Five reasons why Hampstead is still tops

To live in Hampstead is to share cobbled streets and gourmet bakeries with the likes of Emma Thompson, Ricky Gervais, Peter O’Toole and Judy Dench. But the village’s place in the literary canon makes it one of the most historically evocative places in London. Keats lived next to South End Green, while an epic dinner party he, Charles Lamb and William Wordsworth attended in Hampstead became known as the “immortal dinner”. Conan Doyle’s Sherlock Holmes and Oscar Wilde’s Dorian Gray frequented opium dens here, while Bram Stoker’s Dracula features a famous description of the Heath. DH Lawrence’s 1916 poem Parliament Hill In The Evening is one of his loveliest. Kingsley Amis, Agatha Christie and poet John Betjeman were also residents.

The density of blue plaques in all fields astounds: Florence Nightingale, Sigmund Freud and Edward Elgar are a tiny smattering of the luminaries from all fields who lived here.

Hampstead was known for its health springs: in 1700, trustees of the spa-like and very fashionable Hampstead Wells began promoting the medicinal qualities of the chalybeate waters. Previously, the Vale of Health – a quiet area surrounding a pond – was thought to be an oasis from the Plague. The air certainly feels cleaner here.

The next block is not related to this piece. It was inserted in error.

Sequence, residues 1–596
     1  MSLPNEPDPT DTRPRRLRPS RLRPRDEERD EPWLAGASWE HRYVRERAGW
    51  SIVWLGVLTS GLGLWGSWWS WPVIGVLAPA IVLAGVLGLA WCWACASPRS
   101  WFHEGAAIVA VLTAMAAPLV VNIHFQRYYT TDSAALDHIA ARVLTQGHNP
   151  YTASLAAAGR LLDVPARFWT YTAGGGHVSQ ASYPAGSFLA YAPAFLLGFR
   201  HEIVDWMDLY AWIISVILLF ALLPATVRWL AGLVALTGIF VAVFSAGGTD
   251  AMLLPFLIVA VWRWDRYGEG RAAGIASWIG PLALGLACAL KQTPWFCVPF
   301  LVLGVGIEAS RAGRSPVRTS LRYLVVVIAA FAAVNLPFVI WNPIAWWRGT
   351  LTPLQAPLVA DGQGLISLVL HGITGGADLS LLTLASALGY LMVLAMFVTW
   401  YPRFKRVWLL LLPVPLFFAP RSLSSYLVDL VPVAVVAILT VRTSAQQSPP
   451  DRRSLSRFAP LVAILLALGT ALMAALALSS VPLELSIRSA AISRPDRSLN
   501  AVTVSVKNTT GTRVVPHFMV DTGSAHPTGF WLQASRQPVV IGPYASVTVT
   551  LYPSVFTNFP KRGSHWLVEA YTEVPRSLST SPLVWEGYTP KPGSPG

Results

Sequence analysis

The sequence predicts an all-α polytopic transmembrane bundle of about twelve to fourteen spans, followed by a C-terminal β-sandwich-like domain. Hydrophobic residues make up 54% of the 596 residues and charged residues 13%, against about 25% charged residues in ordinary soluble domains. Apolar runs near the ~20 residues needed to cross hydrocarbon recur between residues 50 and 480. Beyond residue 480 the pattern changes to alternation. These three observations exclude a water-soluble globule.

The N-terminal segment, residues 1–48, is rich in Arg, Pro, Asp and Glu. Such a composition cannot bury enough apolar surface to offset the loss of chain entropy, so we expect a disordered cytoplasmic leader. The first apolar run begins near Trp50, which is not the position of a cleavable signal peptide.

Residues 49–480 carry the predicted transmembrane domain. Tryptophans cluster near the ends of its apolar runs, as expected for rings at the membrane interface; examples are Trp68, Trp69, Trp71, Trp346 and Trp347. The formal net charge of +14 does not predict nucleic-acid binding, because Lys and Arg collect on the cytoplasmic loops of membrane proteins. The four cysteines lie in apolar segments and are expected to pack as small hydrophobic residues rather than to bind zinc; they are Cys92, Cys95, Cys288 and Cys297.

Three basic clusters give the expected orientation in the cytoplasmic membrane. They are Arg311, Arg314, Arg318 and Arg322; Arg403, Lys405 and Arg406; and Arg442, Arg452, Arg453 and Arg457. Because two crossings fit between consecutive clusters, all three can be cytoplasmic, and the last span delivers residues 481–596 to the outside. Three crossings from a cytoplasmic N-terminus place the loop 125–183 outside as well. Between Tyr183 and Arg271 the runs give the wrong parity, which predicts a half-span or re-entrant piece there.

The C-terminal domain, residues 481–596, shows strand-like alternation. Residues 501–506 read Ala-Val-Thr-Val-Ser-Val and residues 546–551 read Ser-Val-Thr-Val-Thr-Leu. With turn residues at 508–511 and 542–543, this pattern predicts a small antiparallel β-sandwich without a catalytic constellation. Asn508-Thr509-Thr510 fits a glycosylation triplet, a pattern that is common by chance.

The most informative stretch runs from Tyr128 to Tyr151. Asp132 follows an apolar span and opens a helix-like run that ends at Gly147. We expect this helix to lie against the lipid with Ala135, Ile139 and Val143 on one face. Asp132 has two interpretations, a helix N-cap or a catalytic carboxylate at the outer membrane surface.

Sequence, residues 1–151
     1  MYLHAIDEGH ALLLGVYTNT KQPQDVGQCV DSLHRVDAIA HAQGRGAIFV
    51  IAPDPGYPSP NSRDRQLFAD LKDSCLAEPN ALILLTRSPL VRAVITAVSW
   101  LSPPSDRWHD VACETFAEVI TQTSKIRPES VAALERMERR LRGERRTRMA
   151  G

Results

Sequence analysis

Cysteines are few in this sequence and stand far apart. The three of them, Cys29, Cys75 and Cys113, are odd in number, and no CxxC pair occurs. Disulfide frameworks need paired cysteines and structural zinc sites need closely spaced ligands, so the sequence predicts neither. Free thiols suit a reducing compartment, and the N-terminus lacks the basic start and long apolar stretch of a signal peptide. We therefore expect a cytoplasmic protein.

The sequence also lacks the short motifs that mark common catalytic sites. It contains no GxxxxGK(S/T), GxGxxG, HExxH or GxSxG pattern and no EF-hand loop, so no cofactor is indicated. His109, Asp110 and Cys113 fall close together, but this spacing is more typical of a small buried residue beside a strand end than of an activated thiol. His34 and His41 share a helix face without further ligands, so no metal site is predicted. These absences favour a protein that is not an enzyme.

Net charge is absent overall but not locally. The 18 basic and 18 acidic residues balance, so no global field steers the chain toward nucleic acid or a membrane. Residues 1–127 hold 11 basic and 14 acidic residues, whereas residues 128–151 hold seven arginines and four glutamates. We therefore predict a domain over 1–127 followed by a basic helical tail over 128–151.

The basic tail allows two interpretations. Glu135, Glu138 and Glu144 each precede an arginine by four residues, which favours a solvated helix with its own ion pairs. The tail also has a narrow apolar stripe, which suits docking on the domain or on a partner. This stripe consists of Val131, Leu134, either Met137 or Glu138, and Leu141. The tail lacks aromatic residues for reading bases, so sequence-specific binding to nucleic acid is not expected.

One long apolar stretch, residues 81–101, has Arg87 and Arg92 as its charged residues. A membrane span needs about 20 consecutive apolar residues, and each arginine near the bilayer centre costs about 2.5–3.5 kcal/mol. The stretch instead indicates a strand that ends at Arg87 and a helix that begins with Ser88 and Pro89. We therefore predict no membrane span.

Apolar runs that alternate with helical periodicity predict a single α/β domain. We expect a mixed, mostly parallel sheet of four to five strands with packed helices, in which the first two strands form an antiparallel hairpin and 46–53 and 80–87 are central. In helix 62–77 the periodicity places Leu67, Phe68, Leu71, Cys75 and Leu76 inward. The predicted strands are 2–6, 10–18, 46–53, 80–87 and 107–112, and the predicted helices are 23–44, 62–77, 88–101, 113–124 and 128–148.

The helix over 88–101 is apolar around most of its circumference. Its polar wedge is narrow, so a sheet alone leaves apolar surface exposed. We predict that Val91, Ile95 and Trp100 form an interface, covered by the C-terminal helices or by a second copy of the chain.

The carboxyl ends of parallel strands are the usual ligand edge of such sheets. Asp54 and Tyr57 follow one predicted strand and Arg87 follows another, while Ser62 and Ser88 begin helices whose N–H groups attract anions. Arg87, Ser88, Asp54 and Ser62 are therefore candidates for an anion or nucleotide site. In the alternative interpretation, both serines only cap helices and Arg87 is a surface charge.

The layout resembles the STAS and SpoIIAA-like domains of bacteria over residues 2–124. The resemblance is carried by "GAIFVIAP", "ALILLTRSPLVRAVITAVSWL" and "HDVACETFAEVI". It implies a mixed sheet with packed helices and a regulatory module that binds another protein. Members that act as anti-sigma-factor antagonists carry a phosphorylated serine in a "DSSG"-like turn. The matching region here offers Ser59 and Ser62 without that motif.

To walk through central Hampstead is to be confronted with the most attractive main roads in London. Shops and cafes reside in imposing brick houses, many of which have ornate tracery and bear their history with quirky charm. Heath Street and Hampstead High Street, which becomes Rosslyn Hill as it spills down to Belsize Park, perfectly combine leafy beauty with fresh air and a sense of the past. Roads and passages like Keats Grove, Back End, Judge’s Walk, Holly Mount and Pilgrim’s Walk are adorable.

Hampstead has been known as a wasteland for food. Until recently. Now, the famous Hungarian cake shop Louis and old Coffee Cup café have been joined by super-lush delis including Ginger & Spice; Gail’s, Melrose & Morgan and patisseries Maison Blanc and the requisite Paul. There’s even a non-fat frozen yogurt place, Yogurtry, a favourite with the village’s yummy mummies and daddies (and their well-heeled tots).

The overground at Hampstead Heath will take you across London at speed (ten minutes’ walk from the centre of Hampstead Village), while the Northern Line zips to Bank in 25 minutes. The 46 bus takes you to Farringdon, while a 25 minute walk will have you in Chalk Farm and Camden.

You can have your Royal Parks – the Heath is a gorgeous wilderness that is like Eden in the summer (the ladies pond is a scene of Sapphic bliss on a July afternoon) and romantically blustery in winter. It’s the best place in London for family outings, kite-flying (the top of Parliament Hill is the kite epicentre); picnics; canoodling; jogging; swimming and views of the city.